Top challenges:

  • The blame game. Even though you may have autonomy and get praised for your wins, people may still be inclined to blame you for your mistakes. Acknowledge your failures and present your colleagues what you have learned from them.
  • Fear of failure. You are going to fail a lot, but that’s part of the game. It is necessary to change the mindset from creating perfect software to continuously providing new valuable features. Reward the most critical lessons learned in your organization.
  • Velocity above feature impact. Your team may get easily tempted to coin new sexy features without measuring feature impact. Avoid this, since it makes you product-centric, and leads to losing sight of your customers.

On a final note

DevOps is often considered primarily as a culture, not without reason. Collaboration, transparency, knowledge-sharing, experimenting, and working towards a single goal requires the right attitude from everyone in your organization. If you get it right, everything else follows, because, by the end of a day, good culture fixes broken processes.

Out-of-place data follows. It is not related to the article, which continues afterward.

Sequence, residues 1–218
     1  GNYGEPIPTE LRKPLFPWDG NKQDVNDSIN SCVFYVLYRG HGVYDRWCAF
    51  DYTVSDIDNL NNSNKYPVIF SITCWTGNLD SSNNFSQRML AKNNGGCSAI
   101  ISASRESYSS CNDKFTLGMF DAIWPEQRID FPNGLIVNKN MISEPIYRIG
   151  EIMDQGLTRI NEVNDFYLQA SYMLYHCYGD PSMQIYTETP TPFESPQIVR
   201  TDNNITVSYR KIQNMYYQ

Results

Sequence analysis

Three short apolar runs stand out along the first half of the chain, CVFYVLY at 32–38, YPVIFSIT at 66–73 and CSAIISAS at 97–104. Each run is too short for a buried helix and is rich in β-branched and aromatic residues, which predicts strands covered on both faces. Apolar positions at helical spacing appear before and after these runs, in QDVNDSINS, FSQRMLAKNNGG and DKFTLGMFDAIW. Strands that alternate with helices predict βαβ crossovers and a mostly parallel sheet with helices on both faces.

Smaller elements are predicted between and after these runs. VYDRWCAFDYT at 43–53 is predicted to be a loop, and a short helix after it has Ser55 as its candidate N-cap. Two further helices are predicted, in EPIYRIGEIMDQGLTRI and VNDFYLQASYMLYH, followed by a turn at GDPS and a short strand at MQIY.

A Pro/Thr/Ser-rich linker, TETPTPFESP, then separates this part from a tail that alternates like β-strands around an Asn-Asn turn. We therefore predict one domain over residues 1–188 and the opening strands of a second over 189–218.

Mantas is a hands-on growth marketer with expertise in Linux, Ansible, Python, Git, Docker, dbt, PostgreSQL, Power BI, analytics engineering, and technical writing. With more than seven years of experience in a fast-paced Cloud Computing market, Mantas is responsible for creating and implementing data-driven growth marketing strategies concerning PPC, SEO, email, and affiliate marketing initiatives in the company. In addition to business expertise, Mantas also has hands-on experience working with cloud-native and analytics engineering technologies. He is also an expert in authoring topics like Ubuntu, Ansible, Docker, GPU computing, and other DevOps-related technologies. Mantas received his B.Sc. in Psychology from Vilnius University and resides in Siauliai, Lithuania.